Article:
Software for Common Base Machines is classified in four groups:

  1. Common Base (and software using Common Base). Software that is portable across all the machines ie. GKS, F77, Pascal, 'NAG Mk 11', 'NAGGRAF Mk 2' (the first one to use GKS) and some of the Kent Tools.
  2. Discipline specific software. For example LISP for the IKBS community, Modula-2 for the Software Engineers and software for other engineering disciplines. This software may become generally available later.
  3. Experimental software. This may become generally available later. For example C++ and some of the Kent Tools.
  4. Non-Common Base Software which is available but has no commitment for provision on other systems. For example, ICL's TECDOC.

At present there are 130 Perq 1 (of which 100 are now maintained), 70 Perq 2, 60 Sun2 (funded mainly by Alvey) and 80 Sun3 (funded by Alvey and SERC). Only Sun3s are being purchased at the moment. All these machines will be supported for their grant lifetime. The Perq1s will not be maintained by us when their grants expire but they will get copies of PNX SR.

Looking to the future for CB Hardware, assessments of servers, low cost workstations (LCWs) and high performance workstations are being made. The goal for servers and LCWs is to maximize the facilities for the user on the money available. Sharing of facilities will take place where possible. For example discs (for paging, dumping and storage), WAN connections, and printers can be shared. Paging servers (like the Sun) will be looked at, not compute servers. We are investigating servers of this type, but actual purchase this financial year depends on funding.

SUS machines are too expensive (perq2 £25k, Sun3 £30k with sufficient disc, £10k discless). We have to decide what we are willing to compromise on when looking at LCWs. Software and communications interfaces are vital, especially validated software. Resolution of the screen, size and speed, and capacity all need bearable thresholds defined. We will also look at the ergonomics of the machines. They will be Unix based, either System V or 4.2BSD.

Finally Julian proposed that as there are more than one machine range in the Common Base the meeting should decide whether to have a User meeting for each machine range or to have one user meeting for all Common Base users with some machine specific talks in parallel but having joint talks on overall strategy and applications. This was discussed at the question and answer session.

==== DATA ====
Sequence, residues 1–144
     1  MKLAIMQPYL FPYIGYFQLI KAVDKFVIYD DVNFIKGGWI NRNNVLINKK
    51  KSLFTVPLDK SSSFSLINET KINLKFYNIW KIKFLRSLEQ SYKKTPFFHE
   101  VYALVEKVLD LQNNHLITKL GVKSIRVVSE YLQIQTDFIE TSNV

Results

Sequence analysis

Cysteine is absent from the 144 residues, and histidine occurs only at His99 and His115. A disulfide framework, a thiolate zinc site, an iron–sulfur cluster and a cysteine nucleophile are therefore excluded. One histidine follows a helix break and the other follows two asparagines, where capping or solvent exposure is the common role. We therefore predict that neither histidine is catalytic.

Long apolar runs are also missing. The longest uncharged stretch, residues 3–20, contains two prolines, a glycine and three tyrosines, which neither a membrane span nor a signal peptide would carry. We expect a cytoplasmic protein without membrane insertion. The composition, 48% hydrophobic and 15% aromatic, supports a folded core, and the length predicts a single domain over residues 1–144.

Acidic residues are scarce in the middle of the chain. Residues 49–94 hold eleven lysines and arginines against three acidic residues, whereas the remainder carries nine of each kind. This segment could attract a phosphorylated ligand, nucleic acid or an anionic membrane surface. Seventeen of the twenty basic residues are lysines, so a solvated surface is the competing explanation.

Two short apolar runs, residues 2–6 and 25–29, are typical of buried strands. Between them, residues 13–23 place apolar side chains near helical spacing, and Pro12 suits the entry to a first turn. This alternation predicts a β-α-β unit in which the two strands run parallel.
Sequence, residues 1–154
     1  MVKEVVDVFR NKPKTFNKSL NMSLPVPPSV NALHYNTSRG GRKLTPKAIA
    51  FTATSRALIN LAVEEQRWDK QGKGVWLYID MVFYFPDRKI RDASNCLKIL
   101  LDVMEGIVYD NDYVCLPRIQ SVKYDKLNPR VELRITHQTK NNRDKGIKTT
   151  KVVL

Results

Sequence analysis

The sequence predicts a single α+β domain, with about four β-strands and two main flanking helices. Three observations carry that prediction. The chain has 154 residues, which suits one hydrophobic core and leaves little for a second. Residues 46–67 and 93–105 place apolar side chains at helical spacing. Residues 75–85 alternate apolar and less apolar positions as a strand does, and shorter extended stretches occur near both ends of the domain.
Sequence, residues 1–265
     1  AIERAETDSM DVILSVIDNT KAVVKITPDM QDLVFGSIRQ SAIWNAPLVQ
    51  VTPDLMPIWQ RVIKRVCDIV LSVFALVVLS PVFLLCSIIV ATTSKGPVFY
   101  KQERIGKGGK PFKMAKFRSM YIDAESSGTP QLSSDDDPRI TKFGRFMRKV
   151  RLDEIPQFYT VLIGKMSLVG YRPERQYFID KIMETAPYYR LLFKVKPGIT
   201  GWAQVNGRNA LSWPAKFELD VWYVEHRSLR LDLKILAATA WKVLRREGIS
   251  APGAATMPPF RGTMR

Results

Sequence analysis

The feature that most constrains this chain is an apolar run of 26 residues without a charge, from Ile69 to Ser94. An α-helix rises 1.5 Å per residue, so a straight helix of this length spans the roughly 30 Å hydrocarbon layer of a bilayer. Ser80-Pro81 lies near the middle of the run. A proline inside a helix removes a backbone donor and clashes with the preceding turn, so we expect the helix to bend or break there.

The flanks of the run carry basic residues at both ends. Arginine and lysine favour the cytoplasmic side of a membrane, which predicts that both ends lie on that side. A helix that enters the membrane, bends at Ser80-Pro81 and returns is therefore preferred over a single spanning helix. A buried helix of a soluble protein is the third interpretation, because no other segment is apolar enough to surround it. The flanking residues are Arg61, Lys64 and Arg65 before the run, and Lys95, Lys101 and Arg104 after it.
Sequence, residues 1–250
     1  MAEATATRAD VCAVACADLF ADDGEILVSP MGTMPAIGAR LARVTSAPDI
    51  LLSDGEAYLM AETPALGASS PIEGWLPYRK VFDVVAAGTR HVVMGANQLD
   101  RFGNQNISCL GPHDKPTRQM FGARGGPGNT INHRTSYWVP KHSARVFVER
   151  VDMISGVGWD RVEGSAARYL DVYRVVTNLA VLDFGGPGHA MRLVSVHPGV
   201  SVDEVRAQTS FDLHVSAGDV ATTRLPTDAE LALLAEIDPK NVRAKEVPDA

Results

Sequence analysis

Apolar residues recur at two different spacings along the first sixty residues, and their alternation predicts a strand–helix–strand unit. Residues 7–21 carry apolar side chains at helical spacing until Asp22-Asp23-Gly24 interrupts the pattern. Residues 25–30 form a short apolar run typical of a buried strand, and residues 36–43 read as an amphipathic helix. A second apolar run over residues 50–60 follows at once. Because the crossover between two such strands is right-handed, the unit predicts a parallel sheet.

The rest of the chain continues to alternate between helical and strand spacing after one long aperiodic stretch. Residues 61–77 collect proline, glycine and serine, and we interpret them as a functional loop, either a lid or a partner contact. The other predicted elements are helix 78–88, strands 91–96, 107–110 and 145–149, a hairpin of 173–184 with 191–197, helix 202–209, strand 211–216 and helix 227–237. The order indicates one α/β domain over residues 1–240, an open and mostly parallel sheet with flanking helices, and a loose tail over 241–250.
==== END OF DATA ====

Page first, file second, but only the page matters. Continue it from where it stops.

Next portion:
Questions that followed:

Software Tools for the Perq - Update on Kent Software Tools.

Mark Russell, University of Kent at Canterbury.

The tools described were created under a grant whereby the University of Kent acts as a software tools centre for the SERC Common Base Program. Some of the tools replace existing non graphical UNIX tools, others put a graphical interface on an existing tool. The aim is to exploit the graphics of a workstation. There are general purpose tools, for example minit, vdiff, fs and view. Also tools for software developers like ups and the menu package. Fortran tools have been ported to the Perq (various numerical libraries), TOOLPACK has been mounted with graphical interfaces to some of its tools.

The tools were then described in detail. Examples of the tools appearance on the screen are in an appendix of this report

minit is a window manager with a history mechanism. It takes a different approach to command submission, all text-entered commands are entered in the window manager window and saved in a history list. A command in the history list can be resubmitted (perhaps in a different window) simply by pointing at it with the puck. minit also provides command line editing with the puck, thus changes can be make anywhere in the command line. The history list can be saved for use in a later session. minit also provides all the window management functions of winit.